(Mr Odling) The other area it is perhaps worth mentioning is the industry's image and attracting new talent. One thing we are conscious of is the need to renew the talent in the industry. PILOT has helped provide a broader mechanism for achieving some of that. There is a whole series of co-operative activities which have arisen out of its work which in their own modest way are moving the whole thing forward and giving it a bigger impetus than would otherwise have been the case.
  (Dr Watkins) We sometimes tend to talk about PILOT as industry and government, but what it has also created which did not really exist before is a forum where sectors in the industry, the operators, the contractors and service companies, get together and discuss what is going on in the industry, which is clearly beneficial. That did not exist before.

  229. You did mention the role of government. I was looking at your answer to the Committee's reference in our call for evidence to the change of Government policy or how Government can influence commercial decisions. You say ". . . we do believe that there is a significant role for Government both in achieving the maximum recovery of UKCS reserves and in ensuring reliable market access to longer-term, international sources of supply". But your very last serious comment is, "Beyond these policy considerations and setting the right framework, Government should be extremely careful. The history of intervention and influence in commercial decisions is fraught with difficulties and disappointments". I just wondered where you saw the Government role in this. It seemed to me those statements were a bit contradictory.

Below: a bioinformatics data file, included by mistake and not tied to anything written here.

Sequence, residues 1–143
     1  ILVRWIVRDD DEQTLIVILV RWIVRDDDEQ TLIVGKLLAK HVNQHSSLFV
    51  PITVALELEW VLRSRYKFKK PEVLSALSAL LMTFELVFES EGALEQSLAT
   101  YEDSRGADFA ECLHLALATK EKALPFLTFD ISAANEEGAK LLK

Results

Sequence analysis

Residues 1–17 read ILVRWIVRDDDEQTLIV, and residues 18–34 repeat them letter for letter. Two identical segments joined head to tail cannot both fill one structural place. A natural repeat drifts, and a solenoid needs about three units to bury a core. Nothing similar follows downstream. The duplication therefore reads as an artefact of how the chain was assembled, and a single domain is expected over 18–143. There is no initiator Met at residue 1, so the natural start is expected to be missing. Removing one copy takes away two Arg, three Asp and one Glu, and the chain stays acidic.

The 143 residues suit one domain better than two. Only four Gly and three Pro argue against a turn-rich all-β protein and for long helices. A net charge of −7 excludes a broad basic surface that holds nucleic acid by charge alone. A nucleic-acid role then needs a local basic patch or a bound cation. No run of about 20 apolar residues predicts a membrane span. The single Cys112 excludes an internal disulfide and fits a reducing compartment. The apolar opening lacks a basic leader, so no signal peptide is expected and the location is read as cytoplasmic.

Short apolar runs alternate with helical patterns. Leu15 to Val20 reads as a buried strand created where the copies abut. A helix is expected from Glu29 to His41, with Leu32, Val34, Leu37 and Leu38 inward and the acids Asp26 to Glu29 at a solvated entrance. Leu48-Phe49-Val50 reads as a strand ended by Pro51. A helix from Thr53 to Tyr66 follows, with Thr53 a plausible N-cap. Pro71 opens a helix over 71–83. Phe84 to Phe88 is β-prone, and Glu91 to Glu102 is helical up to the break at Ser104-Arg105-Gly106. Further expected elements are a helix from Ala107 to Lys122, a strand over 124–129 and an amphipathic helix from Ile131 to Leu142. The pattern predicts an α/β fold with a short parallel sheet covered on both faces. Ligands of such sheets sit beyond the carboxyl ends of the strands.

(Dr Watkins) Yes, I can see that. It goes back to what I was trying to say before around the issue of renewables. An intervention by Government to set a policy target of 10 per cent of renewables in the energy sector is a very legitimate role of Government because otherwise who knows whether that would happen or not. Then leaving it to the market and commercial terms within the market and companies within the market in terms of the choice of how those targets are met, is how I would interpret those two paragraphs. I am not sure they are as well written as they might have been.
  (Mr Odling) Or perhaps look at it in the international context. We talked about getting access to some of those supplies from further east. Government has a role in getting through any political trading barriers which may exist. It is the industry's job to deliver the gas or the oil, to spend the money, to invest and get the stuff to market. That is the distinction we were trying to draw.

  230. That is what you mean by the framework.
  (Mr Odling) Yes.

Sir Robert Smith

  231. Does the Government have a role, or is this something which has come up in PILOT, in sorting out the regulatory regime and the hourly balancing and the offshore metering and the relationship with Ofgem, or is that something you hope you just solve directly with Ofgem?